After beginning to research propaganda, I have begun to understand how lethal it can be – and also how it is evident in todays society. From the research I have done, I understand propaganda to be a form of communication used to change public opinion and ideologies. This change in opinion is beneficial for a particular institution, individual or set of people – those at the source of the propaganda. In addition to this – the propagandist does not always believe that the opinion and ideologies that they are transmitting are actually correct, but are often just advantageous to their particular cause.

Our group member Zuzanna is from Poland and has been able to share her understanding of the propaganda that occurred in her home country, linking to the propaganda in soviet Russia. Our discussions on propaganda and a trip taken to the Tate Modern in London has led us to research into the propaganda posters used by Soviet Russia in the early 20th century – we have looked at the Russian constructivist movement adopted during the Russian socialist revolution. Here are a number of posters and artists that we are considering throughout this 4 week project.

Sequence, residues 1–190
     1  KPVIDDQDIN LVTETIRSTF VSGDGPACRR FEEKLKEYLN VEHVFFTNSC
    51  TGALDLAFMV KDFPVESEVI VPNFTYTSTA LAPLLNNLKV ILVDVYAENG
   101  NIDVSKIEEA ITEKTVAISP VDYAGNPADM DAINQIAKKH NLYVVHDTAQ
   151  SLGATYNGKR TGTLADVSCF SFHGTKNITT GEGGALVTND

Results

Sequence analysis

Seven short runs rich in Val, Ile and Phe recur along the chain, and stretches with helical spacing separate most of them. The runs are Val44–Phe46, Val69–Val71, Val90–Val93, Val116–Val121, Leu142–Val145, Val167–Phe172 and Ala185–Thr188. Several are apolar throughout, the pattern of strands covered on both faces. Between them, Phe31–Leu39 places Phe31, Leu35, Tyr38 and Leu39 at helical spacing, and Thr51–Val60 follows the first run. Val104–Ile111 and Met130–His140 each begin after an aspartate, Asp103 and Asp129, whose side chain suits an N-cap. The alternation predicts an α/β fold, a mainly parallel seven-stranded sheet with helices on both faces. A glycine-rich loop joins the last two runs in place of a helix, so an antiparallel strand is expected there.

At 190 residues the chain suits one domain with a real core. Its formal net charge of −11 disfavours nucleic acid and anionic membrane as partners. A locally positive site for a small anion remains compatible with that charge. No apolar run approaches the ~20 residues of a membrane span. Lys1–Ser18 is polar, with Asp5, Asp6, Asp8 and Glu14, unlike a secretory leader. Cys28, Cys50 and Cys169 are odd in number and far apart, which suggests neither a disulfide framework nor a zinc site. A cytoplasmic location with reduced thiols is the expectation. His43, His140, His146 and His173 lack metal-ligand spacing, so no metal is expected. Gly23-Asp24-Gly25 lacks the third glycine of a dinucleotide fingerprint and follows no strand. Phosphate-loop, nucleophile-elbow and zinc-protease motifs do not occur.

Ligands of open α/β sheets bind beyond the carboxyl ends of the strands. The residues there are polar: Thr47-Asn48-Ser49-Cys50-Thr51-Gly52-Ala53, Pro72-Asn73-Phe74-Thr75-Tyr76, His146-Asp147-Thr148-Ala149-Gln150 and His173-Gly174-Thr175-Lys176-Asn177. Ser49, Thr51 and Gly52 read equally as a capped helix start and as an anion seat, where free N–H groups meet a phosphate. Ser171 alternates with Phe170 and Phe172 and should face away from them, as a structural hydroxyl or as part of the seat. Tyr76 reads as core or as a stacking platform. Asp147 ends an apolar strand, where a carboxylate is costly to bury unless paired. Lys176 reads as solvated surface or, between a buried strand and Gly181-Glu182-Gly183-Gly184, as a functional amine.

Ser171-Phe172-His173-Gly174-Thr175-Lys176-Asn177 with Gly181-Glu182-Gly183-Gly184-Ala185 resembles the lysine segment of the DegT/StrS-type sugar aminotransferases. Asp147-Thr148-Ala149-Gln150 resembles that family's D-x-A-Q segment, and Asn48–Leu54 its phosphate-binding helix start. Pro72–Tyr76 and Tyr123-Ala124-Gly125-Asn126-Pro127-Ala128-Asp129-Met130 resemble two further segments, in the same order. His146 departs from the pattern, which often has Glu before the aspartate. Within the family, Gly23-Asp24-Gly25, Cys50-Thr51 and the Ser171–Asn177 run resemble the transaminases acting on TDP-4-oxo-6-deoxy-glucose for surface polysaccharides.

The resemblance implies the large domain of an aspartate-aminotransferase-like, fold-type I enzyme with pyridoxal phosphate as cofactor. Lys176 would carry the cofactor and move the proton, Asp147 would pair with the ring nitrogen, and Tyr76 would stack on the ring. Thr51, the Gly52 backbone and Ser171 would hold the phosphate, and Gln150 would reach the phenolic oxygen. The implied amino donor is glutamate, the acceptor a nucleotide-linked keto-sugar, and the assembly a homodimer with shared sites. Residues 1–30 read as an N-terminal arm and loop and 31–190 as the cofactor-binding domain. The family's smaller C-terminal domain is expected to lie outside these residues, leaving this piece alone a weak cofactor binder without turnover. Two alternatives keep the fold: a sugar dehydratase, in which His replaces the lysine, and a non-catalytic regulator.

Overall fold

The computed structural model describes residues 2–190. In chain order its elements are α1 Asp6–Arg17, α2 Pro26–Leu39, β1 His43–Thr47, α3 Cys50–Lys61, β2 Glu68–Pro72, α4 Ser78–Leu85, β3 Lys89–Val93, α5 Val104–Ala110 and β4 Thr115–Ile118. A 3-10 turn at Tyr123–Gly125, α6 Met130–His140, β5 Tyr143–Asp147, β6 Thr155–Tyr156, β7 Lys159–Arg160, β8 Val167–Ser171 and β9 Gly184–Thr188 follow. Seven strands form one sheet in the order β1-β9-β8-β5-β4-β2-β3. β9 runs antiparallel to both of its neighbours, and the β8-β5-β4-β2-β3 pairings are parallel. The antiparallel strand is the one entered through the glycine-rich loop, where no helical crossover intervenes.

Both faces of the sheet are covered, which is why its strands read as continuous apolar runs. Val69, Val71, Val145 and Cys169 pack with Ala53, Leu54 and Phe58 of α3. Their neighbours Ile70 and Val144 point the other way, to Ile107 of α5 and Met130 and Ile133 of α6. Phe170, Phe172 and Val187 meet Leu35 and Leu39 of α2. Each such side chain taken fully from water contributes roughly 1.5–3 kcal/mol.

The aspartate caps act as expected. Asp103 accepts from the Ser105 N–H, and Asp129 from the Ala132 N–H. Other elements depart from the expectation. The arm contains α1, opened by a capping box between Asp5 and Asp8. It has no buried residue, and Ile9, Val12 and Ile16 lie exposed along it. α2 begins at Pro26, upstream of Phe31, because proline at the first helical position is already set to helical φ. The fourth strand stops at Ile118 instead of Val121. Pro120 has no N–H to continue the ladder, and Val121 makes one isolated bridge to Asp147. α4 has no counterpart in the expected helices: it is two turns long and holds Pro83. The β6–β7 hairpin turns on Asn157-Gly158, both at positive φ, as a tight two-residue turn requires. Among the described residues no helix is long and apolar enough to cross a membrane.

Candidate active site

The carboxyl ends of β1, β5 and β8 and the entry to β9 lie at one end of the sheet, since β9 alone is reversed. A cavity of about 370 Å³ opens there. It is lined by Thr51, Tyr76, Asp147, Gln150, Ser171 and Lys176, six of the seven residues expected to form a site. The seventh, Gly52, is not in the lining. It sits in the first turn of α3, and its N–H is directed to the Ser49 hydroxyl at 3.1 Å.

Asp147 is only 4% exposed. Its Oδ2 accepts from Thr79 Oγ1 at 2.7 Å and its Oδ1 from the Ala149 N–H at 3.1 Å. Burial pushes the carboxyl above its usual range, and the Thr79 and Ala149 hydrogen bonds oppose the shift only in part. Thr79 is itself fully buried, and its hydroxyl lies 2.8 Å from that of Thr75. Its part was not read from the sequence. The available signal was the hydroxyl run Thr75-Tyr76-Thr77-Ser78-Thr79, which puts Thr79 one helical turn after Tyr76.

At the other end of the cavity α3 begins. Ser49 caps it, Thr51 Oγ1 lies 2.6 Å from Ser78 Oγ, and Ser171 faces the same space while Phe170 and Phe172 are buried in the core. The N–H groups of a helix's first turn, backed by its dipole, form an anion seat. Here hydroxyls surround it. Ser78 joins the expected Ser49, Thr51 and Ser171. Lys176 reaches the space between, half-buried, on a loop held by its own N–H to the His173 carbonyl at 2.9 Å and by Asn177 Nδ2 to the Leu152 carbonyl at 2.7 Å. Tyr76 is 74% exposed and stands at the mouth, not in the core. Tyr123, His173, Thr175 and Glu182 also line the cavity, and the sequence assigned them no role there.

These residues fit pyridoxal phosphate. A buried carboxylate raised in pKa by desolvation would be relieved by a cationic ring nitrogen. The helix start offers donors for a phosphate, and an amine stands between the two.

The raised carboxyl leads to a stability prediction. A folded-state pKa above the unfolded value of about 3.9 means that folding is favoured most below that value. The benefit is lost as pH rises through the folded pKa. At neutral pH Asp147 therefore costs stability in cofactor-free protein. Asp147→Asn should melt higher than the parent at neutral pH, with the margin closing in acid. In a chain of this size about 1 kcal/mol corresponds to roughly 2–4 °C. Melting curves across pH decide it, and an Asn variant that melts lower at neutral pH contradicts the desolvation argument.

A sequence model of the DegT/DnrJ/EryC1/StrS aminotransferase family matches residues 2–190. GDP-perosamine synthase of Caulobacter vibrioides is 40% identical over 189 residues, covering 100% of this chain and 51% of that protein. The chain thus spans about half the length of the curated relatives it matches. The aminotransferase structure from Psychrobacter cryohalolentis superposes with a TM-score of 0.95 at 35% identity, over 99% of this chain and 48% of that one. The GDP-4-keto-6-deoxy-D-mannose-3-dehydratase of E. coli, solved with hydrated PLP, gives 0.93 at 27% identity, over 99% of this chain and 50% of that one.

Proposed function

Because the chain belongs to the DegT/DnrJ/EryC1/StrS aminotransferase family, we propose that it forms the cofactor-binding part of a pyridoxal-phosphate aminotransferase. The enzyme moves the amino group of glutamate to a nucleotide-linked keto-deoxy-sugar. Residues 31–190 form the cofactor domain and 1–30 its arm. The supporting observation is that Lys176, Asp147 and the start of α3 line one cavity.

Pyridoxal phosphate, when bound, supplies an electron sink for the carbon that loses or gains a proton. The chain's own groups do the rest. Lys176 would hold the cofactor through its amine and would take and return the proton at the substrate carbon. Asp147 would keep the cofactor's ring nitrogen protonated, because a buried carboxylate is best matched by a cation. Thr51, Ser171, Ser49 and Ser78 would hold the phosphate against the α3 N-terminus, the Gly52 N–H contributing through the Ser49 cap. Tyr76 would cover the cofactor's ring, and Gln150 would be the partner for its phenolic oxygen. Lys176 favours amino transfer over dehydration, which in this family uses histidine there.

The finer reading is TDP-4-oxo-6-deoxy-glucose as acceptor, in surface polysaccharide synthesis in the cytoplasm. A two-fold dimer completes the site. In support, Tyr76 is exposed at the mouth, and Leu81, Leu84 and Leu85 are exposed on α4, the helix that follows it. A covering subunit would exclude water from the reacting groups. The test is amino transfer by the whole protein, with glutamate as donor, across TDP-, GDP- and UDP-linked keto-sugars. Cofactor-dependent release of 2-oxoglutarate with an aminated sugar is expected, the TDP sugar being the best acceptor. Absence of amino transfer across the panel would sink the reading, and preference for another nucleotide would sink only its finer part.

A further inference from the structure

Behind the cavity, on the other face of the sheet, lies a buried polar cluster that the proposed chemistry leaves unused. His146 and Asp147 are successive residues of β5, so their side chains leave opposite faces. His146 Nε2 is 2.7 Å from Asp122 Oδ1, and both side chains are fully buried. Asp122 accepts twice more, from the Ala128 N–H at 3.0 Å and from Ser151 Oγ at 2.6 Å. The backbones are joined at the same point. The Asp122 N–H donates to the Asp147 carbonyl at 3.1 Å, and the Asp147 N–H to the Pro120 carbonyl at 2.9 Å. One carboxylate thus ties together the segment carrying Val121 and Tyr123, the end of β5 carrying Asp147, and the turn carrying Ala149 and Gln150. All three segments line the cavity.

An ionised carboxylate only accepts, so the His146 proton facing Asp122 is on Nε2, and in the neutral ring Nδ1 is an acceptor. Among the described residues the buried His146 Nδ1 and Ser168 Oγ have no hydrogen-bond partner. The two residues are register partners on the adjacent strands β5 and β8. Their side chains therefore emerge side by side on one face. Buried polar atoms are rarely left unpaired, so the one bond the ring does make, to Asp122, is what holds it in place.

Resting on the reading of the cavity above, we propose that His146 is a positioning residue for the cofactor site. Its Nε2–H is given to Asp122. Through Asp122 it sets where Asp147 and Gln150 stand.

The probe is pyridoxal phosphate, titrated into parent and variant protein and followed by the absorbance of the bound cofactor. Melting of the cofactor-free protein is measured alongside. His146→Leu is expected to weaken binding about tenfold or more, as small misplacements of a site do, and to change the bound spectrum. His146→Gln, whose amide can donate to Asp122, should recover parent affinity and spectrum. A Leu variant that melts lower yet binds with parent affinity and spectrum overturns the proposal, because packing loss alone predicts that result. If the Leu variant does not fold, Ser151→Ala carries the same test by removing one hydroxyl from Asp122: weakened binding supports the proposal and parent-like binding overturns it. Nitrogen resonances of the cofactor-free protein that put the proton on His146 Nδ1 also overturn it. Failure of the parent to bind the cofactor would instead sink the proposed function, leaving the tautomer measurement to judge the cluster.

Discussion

El Lissitzky 

el lissitzky El Lissitzky painting.  Mother(El Lissitzky) - (Fotothing, 2013) El Lissitzky. Study for a page of the book "Of Two Squares:  A Suprematist Tale in Six Constructions". (1920)

Klazimir Malevich 

Kasimir Malevich, 'Suprematism', c. 1917Kazimir Severinovich Malevich - Google SearchSuprematism by Kazimir Malevich (1916)


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